Electrophoretic mobility shift assays
The gel retardation assays were performed as already described,8 by a combination of the procedures of Halligan and Desiderio43 and of Singh et al.44 For competition studies, unlabeled competitors were added to the binding reaction and nuclear extracts, 5 minutes at room temperature, according to the ratio described in each experiment, prior to the addition of radioactive probes. Rat antimouse GATA-1 monoclonal and rabbit anti-human Stat6 polyclonal antibodies were purchased from Santa Cruz Biotechnology. For gel supershift assays, 2 μg of antibodies were added to the binding reaction and nuclear extracts, 2 hours at 4°C prior to the addition of radioactive probes.
Scatchard analysis and determination of dissociation constants (Kd)
EMSAs were performed with increasing known concentrations of the radiolabeled probes (0.02-6 ng), incubated with constant, nonsaturating amounts of nuclear proteins (10 μg). The amount of free and bound probes formed in binding reactions were quantified by phosphoImager (Molecular Dynamics) using the Image Quant software. Scatchard plot analyses were done as described.45 The ratio between Bound and Free DNA probe (B/F) versus specific DNA-protein binding concentration [Bound] (μmol/L) was plotted, and the straight lines were drawn by fitting the data using a linear regression, with the Scatchard equation: B/F = −(1/Kd) × [Bound] + Bmax/Kd, where Kd is the apparent equilibrium dissociation constant and Bmax is the maximal number of binding sites. The Kd value corresponds to (as the inverse of) the affinity of the probe for its protein-binding site, because it is equal to the probe concentration that yields half-maximal binding of protein. The Bmax value corresponds to the maximal number (density) of specific binding sites and thus depends on the amount of nuclear protein extract. They were calculated according to the Scatchard equation for each DNA/protein complexes formed.
Murine, human, and rat GPIIb promoters display strong sequence homology and conservation of cis-acting elements
Alignment of the human −880/+3246 and murine −901/+32 GPIIb promoters yielded an overall identity score of 64% (data not shown). The previously described human −598/−406 enhancer region displays 71% homology with the murine −588/−396 region. As previously reported, the −456 GATA and −505 Ets sequences are well aligned with the −463 GATA and −515 Ets sites of the human promoter.31 We have previously demonstrated that these human sites bind GATA-1 and PU.1, respectively,8,47 and are responsible for the erythro-megakaryocytic activity of the human GPIIb enhancer.19 These sites have also been shown to be important for the rat GPIIb promoter function.28 The murine −174/−74 region is 60% homologous to the human −198/−81 region, containing a repressor element that was shown to be crucial for megakaryocyte specificity of the human promoter.23,48 A repressor element was also described on the −183/−70 region of the rat GPIIb promoter.49 The −56/+32 proximal domain of the murine promoter appeared highly conserved when compared with the human corresponding region (75% homology). This region contains the −54 GATA/−40 Ets tandem sites, which are active in the human and the rat promoters.8,49,50 Figure 1illustrates the similar organization between the murine and the human promoters.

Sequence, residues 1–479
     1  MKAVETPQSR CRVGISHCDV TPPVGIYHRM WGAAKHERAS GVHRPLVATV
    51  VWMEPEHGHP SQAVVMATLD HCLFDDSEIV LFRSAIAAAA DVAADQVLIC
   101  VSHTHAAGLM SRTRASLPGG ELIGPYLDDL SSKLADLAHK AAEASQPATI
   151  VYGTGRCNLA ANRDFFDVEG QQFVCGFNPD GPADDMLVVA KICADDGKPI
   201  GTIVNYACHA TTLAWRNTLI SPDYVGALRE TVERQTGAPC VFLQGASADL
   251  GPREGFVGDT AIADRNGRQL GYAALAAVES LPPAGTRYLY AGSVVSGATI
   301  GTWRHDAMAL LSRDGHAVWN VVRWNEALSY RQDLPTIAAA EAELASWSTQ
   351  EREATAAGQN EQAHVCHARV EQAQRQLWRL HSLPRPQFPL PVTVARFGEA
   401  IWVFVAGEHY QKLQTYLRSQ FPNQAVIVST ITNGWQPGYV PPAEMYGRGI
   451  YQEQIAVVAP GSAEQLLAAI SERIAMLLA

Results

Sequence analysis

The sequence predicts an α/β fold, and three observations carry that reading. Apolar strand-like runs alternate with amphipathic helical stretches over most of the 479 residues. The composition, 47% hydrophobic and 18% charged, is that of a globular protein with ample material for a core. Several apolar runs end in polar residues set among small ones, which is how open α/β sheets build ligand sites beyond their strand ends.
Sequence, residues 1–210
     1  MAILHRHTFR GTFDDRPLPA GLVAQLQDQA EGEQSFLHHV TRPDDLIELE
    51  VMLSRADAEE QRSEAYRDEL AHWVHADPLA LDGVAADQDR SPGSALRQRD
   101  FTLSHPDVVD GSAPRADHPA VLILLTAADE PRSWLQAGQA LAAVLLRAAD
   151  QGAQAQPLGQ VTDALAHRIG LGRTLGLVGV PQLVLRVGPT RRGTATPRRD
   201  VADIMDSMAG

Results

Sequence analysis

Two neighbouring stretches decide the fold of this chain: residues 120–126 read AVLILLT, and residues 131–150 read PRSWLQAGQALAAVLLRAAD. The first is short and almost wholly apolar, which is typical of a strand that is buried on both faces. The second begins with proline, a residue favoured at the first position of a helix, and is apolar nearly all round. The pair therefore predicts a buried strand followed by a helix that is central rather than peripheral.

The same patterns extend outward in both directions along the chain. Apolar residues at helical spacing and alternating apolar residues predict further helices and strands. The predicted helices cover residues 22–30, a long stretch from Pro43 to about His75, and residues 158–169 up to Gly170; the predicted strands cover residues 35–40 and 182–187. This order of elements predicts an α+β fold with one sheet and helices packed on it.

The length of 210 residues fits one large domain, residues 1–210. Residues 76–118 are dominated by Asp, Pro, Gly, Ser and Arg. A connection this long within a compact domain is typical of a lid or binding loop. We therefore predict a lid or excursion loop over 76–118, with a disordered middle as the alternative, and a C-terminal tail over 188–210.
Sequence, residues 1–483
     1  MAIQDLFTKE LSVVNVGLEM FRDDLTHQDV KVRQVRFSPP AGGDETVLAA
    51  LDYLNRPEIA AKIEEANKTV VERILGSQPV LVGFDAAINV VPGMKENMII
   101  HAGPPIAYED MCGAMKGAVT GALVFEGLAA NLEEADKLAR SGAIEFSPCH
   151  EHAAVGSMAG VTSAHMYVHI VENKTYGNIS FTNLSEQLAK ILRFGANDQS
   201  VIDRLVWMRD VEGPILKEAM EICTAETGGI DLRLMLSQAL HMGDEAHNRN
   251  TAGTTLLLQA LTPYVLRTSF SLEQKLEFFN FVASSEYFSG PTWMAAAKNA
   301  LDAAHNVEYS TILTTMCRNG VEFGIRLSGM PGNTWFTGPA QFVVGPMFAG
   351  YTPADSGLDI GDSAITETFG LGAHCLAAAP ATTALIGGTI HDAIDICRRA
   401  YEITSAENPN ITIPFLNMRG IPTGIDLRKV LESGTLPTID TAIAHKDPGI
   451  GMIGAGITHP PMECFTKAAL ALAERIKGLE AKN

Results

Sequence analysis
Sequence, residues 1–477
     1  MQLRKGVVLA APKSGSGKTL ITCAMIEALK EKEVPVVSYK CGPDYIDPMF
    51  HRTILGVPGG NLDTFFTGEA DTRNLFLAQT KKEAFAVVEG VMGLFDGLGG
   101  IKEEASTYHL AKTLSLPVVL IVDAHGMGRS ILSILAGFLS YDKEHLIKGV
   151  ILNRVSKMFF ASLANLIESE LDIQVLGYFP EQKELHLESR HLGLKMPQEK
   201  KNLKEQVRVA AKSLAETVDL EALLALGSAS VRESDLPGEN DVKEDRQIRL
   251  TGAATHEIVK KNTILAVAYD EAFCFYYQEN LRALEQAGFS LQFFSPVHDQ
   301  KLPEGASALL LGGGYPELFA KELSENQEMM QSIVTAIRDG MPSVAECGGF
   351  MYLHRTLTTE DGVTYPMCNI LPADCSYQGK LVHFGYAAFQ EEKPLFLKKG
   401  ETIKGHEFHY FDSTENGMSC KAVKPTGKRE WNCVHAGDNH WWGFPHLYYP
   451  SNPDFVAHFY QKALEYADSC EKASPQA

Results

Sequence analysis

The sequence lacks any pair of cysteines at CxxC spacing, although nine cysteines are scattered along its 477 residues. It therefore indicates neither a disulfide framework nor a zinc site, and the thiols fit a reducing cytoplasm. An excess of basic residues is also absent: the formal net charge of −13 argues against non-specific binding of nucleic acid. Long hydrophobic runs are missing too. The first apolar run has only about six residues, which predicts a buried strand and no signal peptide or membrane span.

Murine GPIIb promoter loses its megakaryocyte specificity in human cell lines
The cell-specificity of the murine −899/+33 GPIIb promoter fragment was analyzed in several cell lines (Figure2). The murine LIN-175 and human HEL cells were used as megakaryocytic cell lines that express GPIIb,51 murine MEL cells display erythroid features and do not express GPIIb,52 whereas human K562 cells display erythro-megakaryocytic features but with low GPIIb expression53 (Figure4B). Murine NIH-3T3 and human HeLa cells were used as nonhematopoietic controls. To make the results comparable between the different cell lines, the CAT activities of the promoter fragments were normalized by using the pBLCAT2 control vector activity as reference, arbitrarily taken as 100%.
In murine megakaryocytic LIN-175 cells (Figure 2A), transfection of the 899 construct yielded 252% CAT activity, suggesting that this fragment contains all the elements essential for the transcriptional activity of the promoter. This fragment bears the −456 GATA and the −505 Ets binding sites (Figure 1), which is reminiscent of the −463 GATA and −515 Ets binding sites of the human GPIIb enhancer.19 Deletion of the −538/−396 region of the murine promoter resulted in a 5-fold decrease of the CAT activity, suggesting that this region is equivalent to the −598/−406 human enhancer region (Figure 3A). The transfected 899 construct yielded 5-fold lower activity in erythroid MEL (55%) compared with LIN-175 cells (252%), suggesting the existence of a repressor element controlling the megakaryocyte specificity, like in human GPIIb promoter (Figure 2A).23 Transfection of NIH-3T3 cells produced a low level of CAT activity, consistent with the megakaryocytic specificity of this promoter fragment in murine cell lines.